I also came into a data landscape where reports didn’t match because there wasn’t a single source of truth. Information from multiple systems did not match and even worse, some data sources were not complete. Working with only half of the picture, the team simply could not trust what I was giving them. To make our business successful, I needed to move us from an organization of doubt into one of empowerment.
Those Who Don’t Learn From the Past...
In my work, I try to understand and predict the future by building on historical patterns. By providing those insights, colleagues start to understand the value I can add. My motto is “leave no data behind.” As an organization, we’re most successful when we aggregate all our data into one place and come up with a story. Then, and only then, can we start looking forward.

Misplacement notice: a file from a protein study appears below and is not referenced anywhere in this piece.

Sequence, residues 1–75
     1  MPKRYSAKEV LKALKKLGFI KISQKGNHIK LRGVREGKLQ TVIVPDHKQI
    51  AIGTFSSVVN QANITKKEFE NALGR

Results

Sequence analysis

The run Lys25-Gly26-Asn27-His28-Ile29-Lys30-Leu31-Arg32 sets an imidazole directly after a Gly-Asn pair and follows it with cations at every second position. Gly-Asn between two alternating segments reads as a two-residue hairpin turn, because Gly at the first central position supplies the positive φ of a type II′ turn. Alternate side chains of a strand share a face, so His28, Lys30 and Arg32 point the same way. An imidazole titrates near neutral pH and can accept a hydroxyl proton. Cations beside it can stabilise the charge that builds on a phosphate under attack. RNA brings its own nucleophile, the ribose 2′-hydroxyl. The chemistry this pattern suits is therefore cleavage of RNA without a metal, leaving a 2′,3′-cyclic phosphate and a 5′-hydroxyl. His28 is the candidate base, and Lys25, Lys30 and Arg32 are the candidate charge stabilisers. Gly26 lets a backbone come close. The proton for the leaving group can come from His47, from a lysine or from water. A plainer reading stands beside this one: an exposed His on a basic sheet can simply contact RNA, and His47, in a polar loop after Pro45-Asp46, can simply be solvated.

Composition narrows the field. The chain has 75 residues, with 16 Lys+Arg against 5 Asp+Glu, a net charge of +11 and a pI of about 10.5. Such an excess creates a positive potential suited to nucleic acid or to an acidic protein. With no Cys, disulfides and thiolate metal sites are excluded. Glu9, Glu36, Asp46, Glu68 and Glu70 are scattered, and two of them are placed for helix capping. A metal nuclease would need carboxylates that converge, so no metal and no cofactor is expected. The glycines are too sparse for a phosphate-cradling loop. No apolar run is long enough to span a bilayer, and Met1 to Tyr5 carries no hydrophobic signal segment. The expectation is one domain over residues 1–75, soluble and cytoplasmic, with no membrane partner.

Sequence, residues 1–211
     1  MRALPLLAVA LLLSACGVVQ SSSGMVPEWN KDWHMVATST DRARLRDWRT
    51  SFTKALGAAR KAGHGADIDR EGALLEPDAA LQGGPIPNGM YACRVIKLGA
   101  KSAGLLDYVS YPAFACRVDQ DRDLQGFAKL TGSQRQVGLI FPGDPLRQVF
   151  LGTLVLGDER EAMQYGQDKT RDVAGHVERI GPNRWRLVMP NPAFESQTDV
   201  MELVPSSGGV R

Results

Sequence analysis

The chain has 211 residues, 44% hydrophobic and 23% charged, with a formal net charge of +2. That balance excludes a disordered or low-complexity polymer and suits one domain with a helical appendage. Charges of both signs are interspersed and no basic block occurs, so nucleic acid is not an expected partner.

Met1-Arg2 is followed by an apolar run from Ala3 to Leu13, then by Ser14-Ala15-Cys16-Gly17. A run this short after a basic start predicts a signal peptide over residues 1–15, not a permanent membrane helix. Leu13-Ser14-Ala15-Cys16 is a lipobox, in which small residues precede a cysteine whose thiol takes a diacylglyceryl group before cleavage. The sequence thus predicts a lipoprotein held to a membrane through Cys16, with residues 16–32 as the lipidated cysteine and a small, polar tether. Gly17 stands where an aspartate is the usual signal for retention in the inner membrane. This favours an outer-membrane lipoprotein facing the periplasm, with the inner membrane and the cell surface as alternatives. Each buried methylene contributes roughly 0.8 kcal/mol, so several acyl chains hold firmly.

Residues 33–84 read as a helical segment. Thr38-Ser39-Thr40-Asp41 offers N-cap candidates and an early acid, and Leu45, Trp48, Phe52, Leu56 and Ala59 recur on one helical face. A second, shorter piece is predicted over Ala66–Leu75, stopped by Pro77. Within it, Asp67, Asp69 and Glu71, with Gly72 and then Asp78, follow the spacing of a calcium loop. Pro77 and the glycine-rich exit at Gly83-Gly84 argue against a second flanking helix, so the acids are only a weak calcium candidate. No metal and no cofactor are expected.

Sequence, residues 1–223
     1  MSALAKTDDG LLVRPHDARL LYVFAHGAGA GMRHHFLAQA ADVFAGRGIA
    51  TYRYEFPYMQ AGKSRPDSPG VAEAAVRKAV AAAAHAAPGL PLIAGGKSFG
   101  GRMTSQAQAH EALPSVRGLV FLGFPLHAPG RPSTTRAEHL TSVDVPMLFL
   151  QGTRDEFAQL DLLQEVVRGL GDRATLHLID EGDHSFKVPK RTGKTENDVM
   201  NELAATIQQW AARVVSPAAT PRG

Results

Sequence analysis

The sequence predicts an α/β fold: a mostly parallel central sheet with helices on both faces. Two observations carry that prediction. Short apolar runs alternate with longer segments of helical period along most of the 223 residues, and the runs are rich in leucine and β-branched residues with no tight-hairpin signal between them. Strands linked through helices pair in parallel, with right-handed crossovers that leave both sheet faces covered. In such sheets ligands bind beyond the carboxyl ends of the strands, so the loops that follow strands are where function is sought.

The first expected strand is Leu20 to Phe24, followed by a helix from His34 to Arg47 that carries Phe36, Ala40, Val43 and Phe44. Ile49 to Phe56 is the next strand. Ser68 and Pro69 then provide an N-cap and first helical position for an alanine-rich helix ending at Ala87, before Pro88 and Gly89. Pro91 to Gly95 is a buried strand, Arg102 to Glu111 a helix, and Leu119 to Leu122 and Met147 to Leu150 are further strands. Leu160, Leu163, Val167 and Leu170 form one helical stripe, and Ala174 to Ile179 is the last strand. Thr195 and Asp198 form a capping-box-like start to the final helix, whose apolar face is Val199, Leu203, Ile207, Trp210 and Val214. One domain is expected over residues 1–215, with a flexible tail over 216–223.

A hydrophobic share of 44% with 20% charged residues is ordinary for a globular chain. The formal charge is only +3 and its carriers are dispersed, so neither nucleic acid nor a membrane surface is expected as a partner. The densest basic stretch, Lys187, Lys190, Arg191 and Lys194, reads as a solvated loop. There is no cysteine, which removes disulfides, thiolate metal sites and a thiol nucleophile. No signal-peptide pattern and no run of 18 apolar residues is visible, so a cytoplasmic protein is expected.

For example, we have access to aggregate market prescription data, so we know how many prescriptions are being sold for a certain drug in a particular area. I can combine this with field-level sales data, call volume, and information from various vendors to predict where the rep in that area can be most effective. We can direct activity to underserviced areas and redirect activity away from places that are oversaturated.
As a sales rep, you need to continue engagement with core customers to ensure stability, but growth does not always come from those customers. Growth might come from those who you have yet to engage, and we can use our data insights to tell us where to play. These are the deep, actionable insights that come from truly understanding your data.
Investing in a Data Solution